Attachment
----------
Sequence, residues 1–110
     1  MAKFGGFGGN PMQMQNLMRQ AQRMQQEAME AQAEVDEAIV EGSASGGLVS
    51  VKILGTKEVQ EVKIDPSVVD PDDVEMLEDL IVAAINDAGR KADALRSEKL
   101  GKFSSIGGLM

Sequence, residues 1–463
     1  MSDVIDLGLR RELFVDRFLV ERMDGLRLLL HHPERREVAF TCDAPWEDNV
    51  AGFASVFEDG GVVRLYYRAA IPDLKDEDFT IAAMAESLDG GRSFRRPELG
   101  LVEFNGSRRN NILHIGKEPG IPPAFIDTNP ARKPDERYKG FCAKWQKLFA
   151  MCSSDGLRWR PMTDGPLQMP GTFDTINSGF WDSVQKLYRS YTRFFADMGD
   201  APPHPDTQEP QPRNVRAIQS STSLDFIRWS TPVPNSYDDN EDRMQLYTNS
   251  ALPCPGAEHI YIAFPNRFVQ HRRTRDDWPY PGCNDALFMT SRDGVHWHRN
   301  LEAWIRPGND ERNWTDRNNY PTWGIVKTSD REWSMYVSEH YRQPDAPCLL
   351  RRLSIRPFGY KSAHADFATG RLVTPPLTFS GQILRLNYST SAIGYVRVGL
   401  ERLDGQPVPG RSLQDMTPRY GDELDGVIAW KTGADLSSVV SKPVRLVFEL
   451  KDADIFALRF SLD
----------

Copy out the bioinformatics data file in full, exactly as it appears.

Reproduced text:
Sequence, residues 1–110
     1  MAKFGGFGGN PMQMQNLMRQ AQRMQQEAME AQAEVDEAIV EGSASGGLVS
    51  VKILGTKEVQ EVKIDPSVVD PDDVEMLEDL IVAAINDAGR KADALRSEKL
   101  GKFSSIGGLM

Sequence, residues 1–463
     1  MSDVIDLGLR RELFVDRFLV ERMDGLRLLL HHPERREVAF TCDAPWEDNV
    51  AGFASVFEDG GVVRLYYRAA IPDLKDEDFT IAAMAESLDG GRSFRRPELG
   101  LVEFNGSRRN NILHIGKEPG IPPAFIDTNP ARKPDERYKG FCAKWQKLFA
   151  MCSSDGLRWR PMTDGPLQMP GTFDTINSGF WDSVQKLYRS YTRFFADMGD
   201  APPHPDTQEP QPRNVRAIQS STSLDFIRWS TPVPNSYDDN EDRMQLYTNS
   251  ALPCPGAEHI YIAFPNRFVQ HRRTRDDWPY PGCNDALFMT SRDGVHWHRN
   301  LEAWIRPGND ERNWTDRNNY PTWGIVKTSD REWSMYVSEH YRQPDAPCLL
   351  RRLSIRPFGY KSAHADFATG RLVTPPLTFS GQILRLNYST SAIGYVRVGL
   401  ERLDGQPVPG RSLQDMTPRY GDELDGVIAW KTGADLSSVV SKPVRLVFEL
   451  KDADIFALRF SLD